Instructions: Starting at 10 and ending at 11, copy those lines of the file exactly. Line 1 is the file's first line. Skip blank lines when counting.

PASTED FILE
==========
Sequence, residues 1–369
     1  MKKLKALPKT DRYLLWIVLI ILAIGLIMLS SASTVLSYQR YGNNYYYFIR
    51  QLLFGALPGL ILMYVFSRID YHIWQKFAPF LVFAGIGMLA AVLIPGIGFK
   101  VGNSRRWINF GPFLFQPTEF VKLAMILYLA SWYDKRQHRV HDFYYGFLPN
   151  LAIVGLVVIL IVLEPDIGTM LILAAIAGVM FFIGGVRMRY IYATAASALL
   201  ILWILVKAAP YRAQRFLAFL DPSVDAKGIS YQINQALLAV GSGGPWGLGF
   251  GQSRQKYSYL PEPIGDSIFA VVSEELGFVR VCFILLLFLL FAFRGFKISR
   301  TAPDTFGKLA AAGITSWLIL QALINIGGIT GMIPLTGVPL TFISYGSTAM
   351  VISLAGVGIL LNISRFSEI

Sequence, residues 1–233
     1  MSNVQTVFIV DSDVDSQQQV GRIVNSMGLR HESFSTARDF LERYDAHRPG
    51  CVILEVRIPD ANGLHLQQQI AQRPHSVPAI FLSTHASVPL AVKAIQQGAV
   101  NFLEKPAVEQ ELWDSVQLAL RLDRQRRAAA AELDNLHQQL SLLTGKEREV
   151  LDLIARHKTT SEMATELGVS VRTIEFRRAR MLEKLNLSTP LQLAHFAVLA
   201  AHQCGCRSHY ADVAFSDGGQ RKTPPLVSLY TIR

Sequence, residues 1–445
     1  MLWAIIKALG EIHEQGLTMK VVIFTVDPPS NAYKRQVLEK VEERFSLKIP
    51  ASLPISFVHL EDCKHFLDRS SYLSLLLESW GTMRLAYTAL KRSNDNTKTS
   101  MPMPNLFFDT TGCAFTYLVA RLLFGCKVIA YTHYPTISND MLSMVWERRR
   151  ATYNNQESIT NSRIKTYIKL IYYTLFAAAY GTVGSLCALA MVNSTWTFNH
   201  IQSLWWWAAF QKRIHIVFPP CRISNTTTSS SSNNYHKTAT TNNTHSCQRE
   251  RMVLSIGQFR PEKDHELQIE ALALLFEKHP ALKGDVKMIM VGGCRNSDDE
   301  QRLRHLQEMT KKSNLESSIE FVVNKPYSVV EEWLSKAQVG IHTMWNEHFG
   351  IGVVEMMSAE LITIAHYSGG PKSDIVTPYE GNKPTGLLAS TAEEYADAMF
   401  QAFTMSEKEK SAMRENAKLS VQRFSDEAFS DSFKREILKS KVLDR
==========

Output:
Sequence, residues 1–233
     1  MSNVQTVFIV DSDVDSQQQV GRIVNSMGLR HESFSTARDF LERYDAHRPG